Building Herman – Part 1

September.21.2010 · Posted By - Rex

About a month ago, I set out on a project to start building a character in my off hours – A cartoon character for a short I want to produce some day.  I just wanted to talk broadly about the methods that I used in Maya to get the character, ‘Herman’, to the point of UV unwrapping and texturing, which will be Part II.  Part III will be rigging.

Herman is a paranoid hermit of sorts. I drew the character reference but did not follow it too closely so it is not included here.



I Started with a Sphere.  I wanted to model Herman with as few polygons as possible, but allow smoothing to take care of closeups.  So with a Sphere, I simply deformed the sphere until it roughly looked like a pear with jaws 🙂 on a stick.  I extruded the nose, cut the jaw line.  Repeatedly I switch in Maya between mesh and smooth mode (press ‘1’ or ‘3’ on the keyboard to do this), and I constantly find myself mirroring geometry at least in the early stages.



I like to build things separately.  So think of the head as a sphere, the ear started as a cylinder, the neck as a cylinder, the torso, a smoothed cube, and work each piece so that it contains the detail that you like.  Note here I have put some bevels (notice around the lips, along the contour of the nose), which will help guide some creases into the smoothed version of the mesh. 


Herman_v3 Herman_v4

On the left, notice that I have joined the ear to the head (by cutting and welding vertices).  Also notice I have the head, neck (a reworked cylinder), and a rough torso.  On the right you can see the effect of combining those meshes, welding the vertices, and applying the smooth to the mesh (quick switch to mode 3).   Note – Don’t actually smooth your mesh unless you want to do more work at this point.  Work as low as possible and leave the smoothing as late as possible, just my experience.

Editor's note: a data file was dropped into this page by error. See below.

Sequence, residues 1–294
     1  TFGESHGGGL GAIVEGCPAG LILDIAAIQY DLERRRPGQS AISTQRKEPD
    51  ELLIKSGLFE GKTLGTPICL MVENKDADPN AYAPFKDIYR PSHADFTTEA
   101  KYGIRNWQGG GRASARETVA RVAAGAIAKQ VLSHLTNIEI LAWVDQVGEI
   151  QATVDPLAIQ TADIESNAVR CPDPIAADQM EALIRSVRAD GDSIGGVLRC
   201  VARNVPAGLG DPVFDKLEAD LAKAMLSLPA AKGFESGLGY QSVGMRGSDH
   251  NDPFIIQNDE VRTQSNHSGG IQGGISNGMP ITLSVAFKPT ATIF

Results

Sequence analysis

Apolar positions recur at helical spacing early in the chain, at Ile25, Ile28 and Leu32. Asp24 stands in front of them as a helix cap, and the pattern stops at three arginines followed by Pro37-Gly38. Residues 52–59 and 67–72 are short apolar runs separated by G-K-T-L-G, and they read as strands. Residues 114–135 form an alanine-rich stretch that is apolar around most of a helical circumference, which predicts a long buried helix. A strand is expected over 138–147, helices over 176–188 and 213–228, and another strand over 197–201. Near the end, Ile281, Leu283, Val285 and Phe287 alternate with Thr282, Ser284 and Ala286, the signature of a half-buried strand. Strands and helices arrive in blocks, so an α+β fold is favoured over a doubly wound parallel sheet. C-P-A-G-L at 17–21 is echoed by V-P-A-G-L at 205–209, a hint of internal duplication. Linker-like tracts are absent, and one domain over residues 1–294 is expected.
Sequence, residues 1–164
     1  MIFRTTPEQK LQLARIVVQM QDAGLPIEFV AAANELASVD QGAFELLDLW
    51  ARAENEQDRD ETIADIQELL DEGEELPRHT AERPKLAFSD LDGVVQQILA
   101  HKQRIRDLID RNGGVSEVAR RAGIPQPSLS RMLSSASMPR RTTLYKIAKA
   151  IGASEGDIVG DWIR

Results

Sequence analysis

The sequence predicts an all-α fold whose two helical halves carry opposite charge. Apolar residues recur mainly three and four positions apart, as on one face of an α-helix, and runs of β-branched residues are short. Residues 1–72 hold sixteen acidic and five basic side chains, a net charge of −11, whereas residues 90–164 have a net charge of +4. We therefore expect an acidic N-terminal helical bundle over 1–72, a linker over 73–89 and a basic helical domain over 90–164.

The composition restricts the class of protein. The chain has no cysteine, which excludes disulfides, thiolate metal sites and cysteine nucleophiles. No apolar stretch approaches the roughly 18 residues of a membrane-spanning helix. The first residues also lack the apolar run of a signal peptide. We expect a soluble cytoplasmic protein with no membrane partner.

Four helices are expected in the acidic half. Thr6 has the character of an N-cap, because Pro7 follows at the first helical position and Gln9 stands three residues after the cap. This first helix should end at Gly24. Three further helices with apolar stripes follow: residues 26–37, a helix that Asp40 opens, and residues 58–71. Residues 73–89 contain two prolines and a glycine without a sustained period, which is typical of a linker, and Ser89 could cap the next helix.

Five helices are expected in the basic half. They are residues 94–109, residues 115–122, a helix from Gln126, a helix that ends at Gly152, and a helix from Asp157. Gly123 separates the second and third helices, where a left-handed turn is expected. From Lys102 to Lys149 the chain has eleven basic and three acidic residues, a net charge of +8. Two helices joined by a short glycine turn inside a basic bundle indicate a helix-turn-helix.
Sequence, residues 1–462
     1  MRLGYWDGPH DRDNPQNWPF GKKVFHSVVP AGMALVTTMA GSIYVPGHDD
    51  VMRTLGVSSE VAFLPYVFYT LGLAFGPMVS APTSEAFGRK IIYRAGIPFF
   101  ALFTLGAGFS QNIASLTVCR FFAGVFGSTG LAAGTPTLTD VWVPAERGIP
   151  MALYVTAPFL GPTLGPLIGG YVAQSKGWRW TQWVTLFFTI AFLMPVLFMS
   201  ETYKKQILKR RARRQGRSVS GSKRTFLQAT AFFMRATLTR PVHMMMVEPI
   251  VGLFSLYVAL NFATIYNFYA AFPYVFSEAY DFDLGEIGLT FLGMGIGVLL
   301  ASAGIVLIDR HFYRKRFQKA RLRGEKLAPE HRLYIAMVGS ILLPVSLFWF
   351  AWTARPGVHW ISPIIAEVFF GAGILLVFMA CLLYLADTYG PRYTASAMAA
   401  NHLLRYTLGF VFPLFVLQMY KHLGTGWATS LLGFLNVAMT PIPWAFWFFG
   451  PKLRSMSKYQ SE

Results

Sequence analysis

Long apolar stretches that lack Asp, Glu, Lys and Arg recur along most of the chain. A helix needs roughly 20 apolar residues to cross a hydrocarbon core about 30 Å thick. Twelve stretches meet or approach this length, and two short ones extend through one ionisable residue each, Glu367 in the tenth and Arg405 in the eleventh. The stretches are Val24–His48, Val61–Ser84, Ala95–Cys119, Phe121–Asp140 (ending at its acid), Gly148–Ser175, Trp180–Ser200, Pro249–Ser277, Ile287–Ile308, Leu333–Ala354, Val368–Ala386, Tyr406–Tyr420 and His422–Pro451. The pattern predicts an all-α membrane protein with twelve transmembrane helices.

Herman_v5 Herman_v8

Hands and Feet are probably the hardest part of the body to model for me at least.  I start with a cylinder, extrude, cut, bevel, weld for a couple of hours to get a hand (shown left) that will smooth to a nice cartoon type detail.  The feet, shown here in smoothed mode, are a bit more hasty as I don’t plan on showing the feet.  But the idea of modeling a separate piece and welding it to the body are the same.


Timeout – I went back to model his goofy hat and glasses.  Again, modeling very low poly and applying bevels where I need them to get some detail or creasing.  Also on the glasses, these are coke bottle lenses you can’t see here but I wanted to make sure his eyes looked friggin huge when ray traced.  Again left = Low poly, right = smoothing turned on temporarily to check the work.

Herman_v11 Herman_v10

Clothing – One of the big advantages to doing everything in very low polygons at this point, is making things like Clothing.  On the left, notice I have just copied the low poly mesh body, and then cut, reworked parts of the body for the clothing.  You have to stitch up some of the fine detail, as well as model some thick seams etc. but having the low poly mesh to work with makes this part easy.  Things like boots or hats, are best modeled in low polygons from scratch to fit.  Gloves might be based on the hand.  Below, note the extra details added to the clothing.  We’ll do the remaining details in displacement mapping on the clothing.


You will notice the poly count is not especially low – Things like buttons, bevel edges account for most of the polygons so far.  But that mesh is going to be a helluva lot easier to work with in the coming stages than a dense one.

Well that about does it for now – We’ll unwrap and Texture Herman in part 2.  I hope this has provided some idea or tip that is useful.  Any opinions are appreciated!

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